Poetry Friday: Villanelle

image via Unsplash
Don’t Just Stand There, Open Your Umbrella

Before me in the east,
wrapped in a billowing headdress,
sun peeks.

Without turning, I can hear
grumbles of unrest,
while before me in the east,

with a well-practiced technique,
coyly half-dressed,
sun peeks

at the growling purple beast
storming in from the west.
Before me in the east

she begins to disappear
behind clouds that fume and crest.
Sun peeks

one last time. Then the storm releases
all the rage it had suppressed.
Before me in the east,
sun no longer peeks.


©Mary Lee Hahn, 2021


The Poetry Sisters’ challenge for this month was to write a villanelle on the theme of dichotomy. Have you ever noticed that villanelle begins with villain (almost)? This is a doozie of a form and the added challenge of a dichotomy…whew! I started one with the repeating lines

In early May, on a whim, I chose
zinnia seeds to plant in rows.

I managed to make it all the way through a villanelle with those lines, but it fell apart in revision. Luckily, I wrote several villanelles in July! I’m not sure there’s any clear dichotomy in this one (stormy/sunny?), and I definitely bent the rules a bit with my last line, but I had fun with enjambment!

Check out what the rest of the Poetry Sisters came up with:

Laura
Liz
Sara
Tanita
Tricia

Rebecca has this week’s Poetry Friday roundup at Sloth Reads.

17 thoughts on “Poetry Friday: Villanelle”

  1. I love how the sun peeks in and out within the villanelle form…that’s a truly clever way of using the repetition to evoke fresh visuals. I also love how drawn out you’ve made this rather short form feel…how we can feel the storm building before it releases. All in such succinct words. (I do want to read your zinnia seed poem, though! Please keep going!)

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  2. Mary Lee, beautiful. I love what you did here and yes, I see the dichotomy of the battling east and west, stormy and sunny. You captured the take over of the storm with gusto. These lines are a great transition into the full storm:
    “Then the storm releases
    all the rage it had suppressed.”

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  3. I still love the zinnias. I cracked up because those stubborn flowers actually showed up in one of my poems on Sunday, too, but that one was scrapped. I also appreciate that you paired an image of a buildup of stormy power around the constancy of the sun – it’s still there, regardless. This is a good point to recall in a storm…

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  4. Kudos to you for vanquishing a villanelle! I’m so impressed with how you’ve managed all the nuances of this challenge. I played around with the form a bit this month and totally screwed up. lol I considered titling the resulting poem, “This is not a G*!-da#$ed villanelle!” Now I have a mentor poem to help me try again. Thanks! (I’d also love to read your zinnia version as I’m a huge fan of those jaunty blooms!)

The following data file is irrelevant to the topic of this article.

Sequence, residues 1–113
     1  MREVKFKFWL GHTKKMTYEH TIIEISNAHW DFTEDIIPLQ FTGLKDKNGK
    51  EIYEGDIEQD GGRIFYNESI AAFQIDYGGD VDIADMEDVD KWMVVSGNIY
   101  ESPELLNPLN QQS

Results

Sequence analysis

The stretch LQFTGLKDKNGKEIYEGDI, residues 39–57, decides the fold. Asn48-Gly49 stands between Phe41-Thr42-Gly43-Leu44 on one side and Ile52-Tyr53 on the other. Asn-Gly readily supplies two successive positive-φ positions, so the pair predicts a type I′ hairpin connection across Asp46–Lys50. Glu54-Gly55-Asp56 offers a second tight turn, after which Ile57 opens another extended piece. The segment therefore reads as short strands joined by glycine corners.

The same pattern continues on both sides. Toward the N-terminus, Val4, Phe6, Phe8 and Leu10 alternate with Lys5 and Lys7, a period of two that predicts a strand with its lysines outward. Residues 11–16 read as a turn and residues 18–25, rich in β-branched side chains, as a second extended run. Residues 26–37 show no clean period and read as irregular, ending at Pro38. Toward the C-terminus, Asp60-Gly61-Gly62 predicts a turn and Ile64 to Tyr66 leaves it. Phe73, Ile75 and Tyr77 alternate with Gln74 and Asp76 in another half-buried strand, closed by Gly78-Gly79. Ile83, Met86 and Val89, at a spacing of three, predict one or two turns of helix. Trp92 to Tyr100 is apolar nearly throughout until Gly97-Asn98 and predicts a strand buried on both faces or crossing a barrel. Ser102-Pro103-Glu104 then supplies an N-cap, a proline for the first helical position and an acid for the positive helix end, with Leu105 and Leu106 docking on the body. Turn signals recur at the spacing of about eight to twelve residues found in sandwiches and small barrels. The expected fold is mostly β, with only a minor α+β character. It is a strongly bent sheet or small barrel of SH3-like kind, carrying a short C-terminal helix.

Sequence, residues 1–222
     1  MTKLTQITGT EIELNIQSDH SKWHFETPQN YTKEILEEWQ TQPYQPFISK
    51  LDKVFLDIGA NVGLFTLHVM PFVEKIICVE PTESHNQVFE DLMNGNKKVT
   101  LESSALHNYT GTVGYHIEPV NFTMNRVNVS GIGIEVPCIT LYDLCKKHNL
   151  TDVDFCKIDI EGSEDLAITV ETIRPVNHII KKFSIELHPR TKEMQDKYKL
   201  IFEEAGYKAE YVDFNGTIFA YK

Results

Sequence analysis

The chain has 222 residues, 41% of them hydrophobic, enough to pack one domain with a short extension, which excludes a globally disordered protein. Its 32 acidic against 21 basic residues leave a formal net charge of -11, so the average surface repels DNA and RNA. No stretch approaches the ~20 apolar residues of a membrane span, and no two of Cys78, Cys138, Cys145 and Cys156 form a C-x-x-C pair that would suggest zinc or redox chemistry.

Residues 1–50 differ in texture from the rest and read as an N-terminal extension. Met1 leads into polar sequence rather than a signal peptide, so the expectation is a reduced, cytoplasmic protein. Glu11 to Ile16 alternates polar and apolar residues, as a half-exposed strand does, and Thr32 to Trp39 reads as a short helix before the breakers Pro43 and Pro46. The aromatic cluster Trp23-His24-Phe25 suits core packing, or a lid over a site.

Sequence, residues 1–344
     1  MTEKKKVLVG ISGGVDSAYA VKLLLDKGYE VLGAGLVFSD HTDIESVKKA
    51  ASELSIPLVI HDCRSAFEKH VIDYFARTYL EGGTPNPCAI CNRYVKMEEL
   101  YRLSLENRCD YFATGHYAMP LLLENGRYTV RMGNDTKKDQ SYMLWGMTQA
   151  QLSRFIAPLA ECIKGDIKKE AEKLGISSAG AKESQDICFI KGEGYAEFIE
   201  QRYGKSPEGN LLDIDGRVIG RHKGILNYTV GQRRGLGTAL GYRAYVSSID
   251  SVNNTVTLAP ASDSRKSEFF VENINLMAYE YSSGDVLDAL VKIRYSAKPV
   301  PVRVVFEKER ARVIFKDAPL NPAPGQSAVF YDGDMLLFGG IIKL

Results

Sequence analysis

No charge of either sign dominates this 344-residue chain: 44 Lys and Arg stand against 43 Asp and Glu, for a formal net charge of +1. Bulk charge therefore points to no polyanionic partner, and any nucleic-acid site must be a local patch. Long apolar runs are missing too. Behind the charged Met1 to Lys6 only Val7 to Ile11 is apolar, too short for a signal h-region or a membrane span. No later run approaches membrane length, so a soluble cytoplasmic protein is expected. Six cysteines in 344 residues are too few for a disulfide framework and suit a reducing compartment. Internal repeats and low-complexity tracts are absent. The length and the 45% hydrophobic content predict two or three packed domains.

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  5. As an early reader of the zinnia poem, which will be a jaunty success any day now, I’m very happy I’m getting to see THIS. I’ve decided that for me villanelles work better with shorter lines, less going on, and you’ve crafted this so compactly, which works with beautiful tension against the giant sky-sized events of the poem. Toss in the attractive personification of the sun and the closest of the close rhyme scheme (east/est), and here’s a winner!

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  6. Love this, Mary Lee! And I’d definitely consider sunny/stormy a dichotomy. Reminds me of our summer storms here in Florida. Thanks for sharing and have a great week!

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  7. We had a scary storm and tornado warning in Maryland this week. Your sun “wrapped in a billowing headdress” and those “grumbles of unrest” capture the summer storm forming.

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  8. I so envy your bravery with the short lines — and you KNOW I love your twist at the end. This is so visceral and lovely, and I’m sooooo glad you’ve joined us!

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  9. Mary Lee, I am also impressed with your concise thoughts in short lines. That takes skill and to think you wrote several this month while I am just a newbie with my first one ever. Very interesting lines: storm releases
    all the rage it had suppressed.
    Wonder why nature is so disturbed lately? We had to stop on the highway (like many others) before Washington, DC on our return from Cape May because the storm was raging with all its force that huge accident occurred.

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  10. This is such a great poem for kids…can I share it with students? It’s got gorgeous imagery and personification. Wonderful, wonderful feeling of the storm coming on.

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  11. I loved the juxtaposition of the sun and the storm, especially the images evoked by the idea of the sun “peeking.” I’m very impressed by all these wonderful villanelles – what a challenging form and how lucky we are to get to read so many examples of it this week!

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  12. I am learning a lot about villanelles by reading so many posted for this week’s Poetry Friday. I love the dichotomy of the sun and storm and how the lines and stanzas blend into each other. Lovely!

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  13. I love this!!! I love the battle between the sun and the storm. And the personification of the sun! And how the storm finally triumphs! Absolutely gorgeous!

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